My mom collected them, in a funny old bookcase I would love to now own. It was low and wide, with two open shelves at the top, and louvred sliding doors at the bottom, standing on 3-4 inch legs. Kind of a medium oak, dull finish, very sturdy, very MCM. The James Bond books were inside it, and a few of those Reader's Digest Condensed books, and some other things. Knowing my mother, none of them had been purchased new. 

I do have a bookcase, by the way, that I've had since childhood. Mom got it at a garage sale for me, painted it fresh in the backyard, and I've been using it ever since, though now and then it's been in a kid's bedroom. It's been half a dozen different colors. Right now it is just sort of beige. It's in the dining room and holds cookbooks. 

So Mom was on a Christie jag one summer, and I was out of things to read. I'd already filled out several of those "read 20 books/choose a book to own" lists at the library. I never had enough to read. I asked her if I could read an Agatha Christie book, and she said she would have to approve my selection. So I chose Hallowe'en Party, because it had a girl in it, and people bobbing for apples. 

I'm not sure she thought I'd finish it, but she agreed I could read it. I did manage to finish it, and another one, And Then There Were None, before moving on to other book interests, and didn't pick them up again for a couple of years. When I was about 10 or so, I started reading them again—I think it was because of that Agatha Christie movie mini-trend going on just about then (which I will touch on another time)—and Nero Wolfe stories as well, and have kept it up ever since. The order in which I read them had mainly to do with my age at the time, but also I  just started with whatever was in our bookshelves at home, then moved on to the selection at the library.

When I first read Hallowe'en Party again as an adult, I had to wonder if my mom actually noticed or reflected on the lesbian subtext. It would be interesting to ask her. Also, what titles, if any, she'd have said no to back when I first wanted to read them.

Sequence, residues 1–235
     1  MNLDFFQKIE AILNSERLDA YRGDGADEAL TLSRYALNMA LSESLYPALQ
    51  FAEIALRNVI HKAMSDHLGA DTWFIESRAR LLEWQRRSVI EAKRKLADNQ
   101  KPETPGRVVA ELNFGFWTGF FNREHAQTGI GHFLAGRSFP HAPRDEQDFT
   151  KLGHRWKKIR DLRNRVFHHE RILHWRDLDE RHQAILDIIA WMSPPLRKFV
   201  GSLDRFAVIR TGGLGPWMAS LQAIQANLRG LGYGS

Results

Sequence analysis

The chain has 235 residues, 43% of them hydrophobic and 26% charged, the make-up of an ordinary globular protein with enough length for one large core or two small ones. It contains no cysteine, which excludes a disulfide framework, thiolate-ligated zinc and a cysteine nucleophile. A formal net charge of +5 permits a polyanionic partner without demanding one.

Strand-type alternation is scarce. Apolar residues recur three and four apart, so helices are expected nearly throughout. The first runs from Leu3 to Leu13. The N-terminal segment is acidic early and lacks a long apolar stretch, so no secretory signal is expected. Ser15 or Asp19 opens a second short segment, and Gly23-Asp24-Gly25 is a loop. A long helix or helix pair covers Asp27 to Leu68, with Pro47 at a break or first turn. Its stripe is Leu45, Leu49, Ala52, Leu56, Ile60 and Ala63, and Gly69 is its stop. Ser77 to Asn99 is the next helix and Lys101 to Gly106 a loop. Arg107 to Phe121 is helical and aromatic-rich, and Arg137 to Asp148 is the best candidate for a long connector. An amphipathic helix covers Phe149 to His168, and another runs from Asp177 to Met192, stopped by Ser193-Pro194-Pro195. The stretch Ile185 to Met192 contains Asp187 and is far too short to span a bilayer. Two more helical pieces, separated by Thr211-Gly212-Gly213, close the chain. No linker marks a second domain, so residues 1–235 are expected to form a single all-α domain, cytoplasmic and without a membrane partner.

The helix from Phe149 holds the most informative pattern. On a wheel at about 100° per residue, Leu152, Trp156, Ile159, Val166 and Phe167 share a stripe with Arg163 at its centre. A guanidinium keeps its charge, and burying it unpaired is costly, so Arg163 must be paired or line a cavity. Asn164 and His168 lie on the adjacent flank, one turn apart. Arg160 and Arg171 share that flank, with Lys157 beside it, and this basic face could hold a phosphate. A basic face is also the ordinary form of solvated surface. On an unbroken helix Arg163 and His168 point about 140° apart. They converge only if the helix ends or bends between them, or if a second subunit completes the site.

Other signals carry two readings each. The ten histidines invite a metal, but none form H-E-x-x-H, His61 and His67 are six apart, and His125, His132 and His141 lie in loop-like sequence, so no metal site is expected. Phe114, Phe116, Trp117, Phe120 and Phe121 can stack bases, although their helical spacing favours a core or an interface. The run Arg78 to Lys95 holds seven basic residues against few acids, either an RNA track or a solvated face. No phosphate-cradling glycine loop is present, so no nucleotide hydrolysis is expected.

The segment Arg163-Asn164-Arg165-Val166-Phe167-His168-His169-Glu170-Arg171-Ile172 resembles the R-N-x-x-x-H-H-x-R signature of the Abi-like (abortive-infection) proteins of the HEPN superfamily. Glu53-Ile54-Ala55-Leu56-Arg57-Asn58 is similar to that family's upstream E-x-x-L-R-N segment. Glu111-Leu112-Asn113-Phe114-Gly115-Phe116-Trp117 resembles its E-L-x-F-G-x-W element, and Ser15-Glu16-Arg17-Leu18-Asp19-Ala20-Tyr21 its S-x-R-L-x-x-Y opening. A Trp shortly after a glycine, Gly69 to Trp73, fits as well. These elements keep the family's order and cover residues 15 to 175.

In 1991, shortly after I was married, I told the eventual LP that I'd like to collect Agatha Christie books, because I mourned the loss of Mom's collection. He let me parse out a bit of grocery money at a time for them, and over the next few years I ended up with all of them. Now and then one goes away, and has to be replaced. But I still have most of my original copies. 

I couldn't find this exact cover on the web, so I scanned it and a few others today. It's pretty worn, as it's one that has been read by several members of the family. I'm not sure why it has paint on it. Most of my "nice" books are in very good or excellent condition, but these things are made to be carried around and loved, you know? So they get wear and tear. 

The Secret Adversary is on my "definitely recommend" list, especially for anyone who enjoys reading about the World War One era and the years immediately following it. It is the first in a series of five books about Tommy and Tuppence. If you look them up, you will see that they take the form of four novels and one short story collection. But that's misleading; the short stories are in a simple plot framework and read like novel chapters as well as individual stories. So you can read the five books in order and watch how they progress. 

Tommy and Tuppence are very young in their first story. I think Christie already realized that by making Poirot so old in the beginning, she'd limited him to a pretty narrow space. So Tommy and Tuppence get to grow up and grow older in their stories, and that informs their behavior and decisions. Also, their stories are more specifically related to the time period in which they were written. 

The Secret Adversary is a bit slow, action-wise, through the first half. There's a lot of chatty dialogue, mostly light and engaging. It doesn't read as much like a detective novel as many of the other books; it's more like a very lightly romantic adventure. The other characters are pretty stereotypical, but I think Christie had a lot to do with defining those stereotypes, which is kind of fun to consider. 

You don't—at least I don't—read these stories in order to figure out "whodunit" as quickly as possible. You read them the way you watch an old favorite movie while savoring a tub of quality ice cream. The experience is in watching it all play out, not in seeing how clever you can be in a competition against the author. I think many people will figure out whodunit it in this story well before they have finished. But it's still a fun and charming ride to the end, and there are a couple of neat little twists in the conclusion.